Since results about the Second Solar Spectrum with ZIMPOL have been presented in a number of published reviews on the sub- ject, most recently in Stenflo (2004, 2007), we limit ourselves here to two examples to il- lustrate what ZIMPOL can do. One particular capability is that we can use ZIMPOL with its full polarimetric sensitivity throughout the whole visible spectrum and the UV, all the way down to the atmospheric cut-off near 3000 Å.

Our examples are therefore chosen from the UV range that cannot be accessed by other imaging polarimeters.

Figure 3 illustrates the rich molecular sig- natures that we see all over the Second Solar Spectrum. The left panels show a recording in a weakly magnetic region near the west solar limb (at µ = 0.10). While the magnetic signa- tures show up in the circular polarization (V/I), they do not leave a visible trace in the lin- ear polarization, which only shows the molec- ular scattering polarization in Q/I (linear po- larization oriented parallel to the limb), with no sign of spatial variation along the slit or Hanle effect signatures (there is no significant polarization in U/I). In the right panels the slit has been shifted only a few arcsec away from the limb (to µ = 0.14), to come close to a nearby sunspot. Now signatures of the trans- verse Zeeman effect show up strongly in the atomic lines, both in Q/I and U/I, while there

is no clear trace of the Zeeman or Hanle ef- fects in the molecular lines. This relative im- munity of molecular lines to magnetic fields, which has been given a theoretical explanation by Berdyugina, Stenflo, & Gandorfer (2002), makes them important as reference lines when we for instance want to explore solar-cycle variations of scattering polarization and the Hanle effect in atomic lines.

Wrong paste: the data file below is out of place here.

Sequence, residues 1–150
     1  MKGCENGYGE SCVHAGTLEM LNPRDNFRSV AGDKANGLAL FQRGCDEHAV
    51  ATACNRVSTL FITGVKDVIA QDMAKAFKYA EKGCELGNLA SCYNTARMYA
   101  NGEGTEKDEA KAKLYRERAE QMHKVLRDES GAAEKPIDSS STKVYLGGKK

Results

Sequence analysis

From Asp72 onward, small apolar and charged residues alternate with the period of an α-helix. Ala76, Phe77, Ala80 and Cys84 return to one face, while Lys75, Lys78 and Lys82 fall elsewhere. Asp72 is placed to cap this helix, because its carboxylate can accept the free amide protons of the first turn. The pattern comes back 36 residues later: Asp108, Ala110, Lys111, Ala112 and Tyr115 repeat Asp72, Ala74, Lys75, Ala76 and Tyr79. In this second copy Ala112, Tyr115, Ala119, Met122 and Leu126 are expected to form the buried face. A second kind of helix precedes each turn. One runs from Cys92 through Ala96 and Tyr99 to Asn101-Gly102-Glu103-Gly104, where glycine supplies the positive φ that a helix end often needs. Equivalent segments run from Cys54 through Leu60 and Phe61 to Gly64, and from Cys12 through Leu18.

Among all the lines in the whole solar spectrum above 300 nm the Cr  3593.5 Å line stands out as the champion in terms of largest polarization amplitude (Gandorfer 2005; Stenflo 2007). The reason why this par- ticular line wins has not yet been clarified. The left panels in Fig. 4 show a Stokes record- ing in strong faculae rather far from the limb (at µ = 0.32). Except for the core and wings of the Cr  3593.5 Å line the linear polariza- tion is characterized by the signatures of the transverse Zeeman effect in the various spec- tral lines. The wings of the Cr  line exhibit the signature of the non-magnetic scattering po- larization in Q/I and seem to be rather im- mune to the magnetic fields, with the possi- ble exception of a weakening of the Q/I po- larization in the red wing. The line core is dominated by the transverse Zeeman effect in Q/I, while in U/I the line core definitely be- haves qualitatively differently, most likely due to strong Hanle rotation of the plane of polar- ization, such that scattering polarization with negative sign shows up prominently in the U/I core. Note the abrupt sign reveresals along the slit in the circular polarization.

The right panels in Fig. 4 show a record- ing in a quiet solar region near the east limb (at µ = 0.10). Here there is a complete absence of signatures from the transverse Zeeman effect.

Instead the linear polarization is dominated by the scattering polarization in the Cr  line throughout the whole spectral field of view.

The many dark bands in Q/I are due to the nu-

merous blend lines, which depolarize the scat-

tering polarization in the wings of the Cr  line,

which extend over the whole spectral field of

view and beyond. These bands are absent in

U/I, since the Hanle effect does not operate in

the wings, and therefore U/I is zero there. All

the spatial variations of the linear polarization


Fig. 3. Stokes vector images in the molecular CN lines at 3771–3775 Å. Note that the scatter- ing polarization in Stokes Q remains practically constant along the slit, while the atomic lines exhibit local signatures of the transverse Zeeman effect. This illustrates the relative immunity of molecular lines to magnetic fields, as explained in (Berdyugina, Stenflo, & Gandorfer 2002).

along the slit occur in the Doppler core of the Cr  line, in Q/I due to Hanle depolarization, and in U/I due to Hanle rotation.